Mountaineer Accused of Climbing Over Dying Man: We Couldn't Save Him

'We couldn't have done anything more,' an emotional Kristin Harila insists
By Newser Editors and Wire Services
Posted Aug 14, 2023 2:30 AM CDT
Mountaineer Accused of Climbing Over Dying Man Explains Her Side
Children of Mohammed Hassan, a Pakistani porter who died on July 27 during a summit of K2, hold a portrait of their father and grandfather at his home in Tasar, a village in the Shigar district in the Gilgit-Baltistan region of northern Pakistan, Saturday, Aug. 12, 2023.   (AP Photo/M.H. Balti)

A record-setting Norwegian mountaineer pushed back Sunday against claims that she could have done more to save the life of a Pakistani porter who slipped off a narrow trail near the peak of the world's most treacherous mountain and died there after several hours. The circumstances of Mohammad Hassan's July 27 death on K2, the world's second-highest peak, sparked ongoing controversy, with two climbers arguing that he could have been saved if all those on the mountain that day had aborted their climb and focused on getting him down safely. The fallout from Hassan's death overshadowed a record established by Norwegian climber Kristin Harila and her Sherpa guide, Tenjin. By climbing K2 that day, they became the world's fastest climbers, scaling the world's 14 highest mountains in 92 days.

Harila told the Associated Press on Sunday that "in the snowy condition we had up there that day, it wouldn't be possible to carry him down." "I'm sure that if it was possible that we saw a chance to carry him down from there, everyone would have tried that," she said by Zoom from Norway. "But it was impossible." Asked if she felt the controversy had tainted her record, Harila said "of course," but did not elaborate. She appeared distraught at times during the interview and said she had received death threats. "We tried for hours to save him and we were on probably the most dangerous area" of K2, she said adding that she and her teammates were "taking a very, very big risk." Harila said Hassan didn't seem to have proper gear or training as a high-altitude porter and that it appeared to have been his first ascent. An investigation into his death has been opened by local authorities.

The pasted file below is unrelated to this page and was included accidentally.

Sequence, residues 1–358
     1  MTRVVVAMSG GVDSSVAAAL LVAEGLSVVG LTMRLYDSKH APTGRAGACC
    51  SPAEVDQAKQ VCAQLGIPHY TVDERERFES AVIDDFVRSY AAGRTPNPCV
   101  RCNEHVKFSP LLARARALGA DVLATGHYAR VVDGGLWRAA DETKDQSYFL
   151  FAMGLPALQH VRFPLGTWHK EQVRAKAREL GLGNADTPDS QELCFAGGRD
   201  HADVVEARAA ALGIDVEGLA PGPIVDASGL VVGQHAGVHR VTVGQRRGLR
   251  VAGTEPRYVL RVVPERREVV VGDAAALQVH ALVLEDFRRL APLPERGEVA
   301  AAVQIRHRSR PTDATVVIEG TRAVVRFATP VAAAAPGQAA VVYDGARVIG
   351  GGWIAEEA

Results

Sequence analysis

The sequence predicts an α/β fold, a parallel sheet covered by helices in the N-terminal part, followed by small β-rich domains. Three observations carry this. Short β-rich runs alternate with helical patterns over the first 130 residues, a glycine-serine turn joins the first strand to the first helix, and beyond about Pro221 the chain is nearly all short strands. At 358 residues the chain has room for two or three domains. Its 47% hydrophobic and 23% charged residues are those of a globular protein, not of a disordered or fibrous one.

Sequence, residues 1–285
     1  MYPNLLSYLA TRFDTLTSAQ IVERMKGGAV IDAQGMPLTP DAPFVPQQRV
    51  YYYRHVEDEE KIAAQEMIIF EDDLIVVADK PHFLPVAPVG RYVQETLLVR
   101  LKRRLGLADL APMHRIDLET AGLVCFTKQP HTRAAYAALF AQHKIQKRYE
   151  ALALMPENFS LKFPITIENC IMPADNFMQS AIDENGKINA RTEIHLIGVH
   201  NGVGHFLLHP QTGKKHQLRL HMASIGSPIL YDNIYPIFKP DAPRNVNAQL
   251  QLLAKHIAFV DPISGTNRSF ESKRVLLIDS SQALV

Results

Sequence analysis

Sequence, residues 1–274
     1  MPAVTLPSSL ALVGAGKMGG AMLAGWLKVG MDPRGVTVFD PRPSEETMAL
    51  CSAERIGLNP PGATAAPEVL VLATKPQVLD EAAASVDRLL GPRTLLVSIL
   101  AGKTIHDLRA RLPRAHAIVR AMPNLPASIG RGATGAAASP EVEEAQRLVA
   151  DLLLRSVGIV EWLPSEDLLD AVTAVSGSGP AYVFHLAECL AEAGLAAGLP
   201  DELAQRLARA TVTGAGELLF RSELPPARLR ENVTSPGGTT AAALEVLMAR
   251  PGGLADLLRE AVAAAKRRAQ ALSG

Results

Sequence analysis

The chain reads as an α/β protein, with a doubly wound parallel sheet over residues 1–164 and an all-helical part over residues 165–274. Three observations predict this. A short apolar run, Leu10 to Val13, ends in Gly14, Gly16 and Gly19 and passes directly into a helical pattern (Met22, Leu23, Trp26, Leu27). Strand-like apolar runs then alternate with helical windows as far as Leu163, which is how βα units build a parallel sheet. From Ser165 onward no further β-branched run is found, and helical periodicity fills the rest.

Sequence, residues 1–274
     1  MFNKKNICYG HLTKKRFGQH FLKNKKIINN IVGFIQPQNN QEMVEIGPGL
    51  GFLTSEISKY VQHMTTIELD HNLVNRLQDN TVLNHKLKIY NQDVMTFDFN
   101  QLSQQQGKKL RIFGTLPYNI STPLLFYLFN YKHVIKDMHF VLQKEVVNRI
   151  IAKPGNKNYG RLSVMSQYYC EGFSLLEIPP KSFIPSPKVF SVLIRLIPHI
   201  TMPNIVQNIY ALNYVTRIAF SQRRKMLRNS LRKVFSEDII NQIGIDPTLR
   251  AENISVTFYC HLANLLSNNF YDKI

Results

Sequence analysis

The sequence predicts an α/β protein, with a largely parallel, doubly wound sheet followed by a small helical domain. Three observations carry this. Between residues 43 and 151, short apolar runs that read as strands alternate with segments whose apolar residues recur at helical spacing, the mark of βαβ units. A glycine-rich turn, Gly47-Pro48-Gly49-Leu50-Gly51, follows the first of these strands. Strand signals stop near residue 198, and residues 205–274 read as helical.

Harila said Hassan slipped and fell off the narrow path around 2:15am on July 27, dangling on a rope upside down. At the time, Hassan had been second in the line of climbers. Harila said she was eighth and her team members were in 7th and 9th place, respectively. As they tried to pull Hassan onto the path, an avalanche came down near where her forward fixing team was. After 90 minutes of attending to Hassan, Harila and a teammate moved in the direction of the summit to check on the fixing team, while her cameraman, Gabriel, stayed behind with Hassan, she said. Gabriel shared his oxygen with Hassan, gave him warm water and tried to warm him. She said Gabriel stayed with the porter for 2.5 hours but started running out of oxygen. Gabriel then moved toward the peak to meet up with Harila's sherpas who had extra oxygen tanks. At that time, there were also others attending to Hassan, she said. When Gabriel arrived at the peak, Harila asked him how Hassan was doing. She said Gabriel told her that he was "in very bad shape." On the way back down, she saw Hassan's dead body lying on the path.

(Read more mountain climbing stories.)

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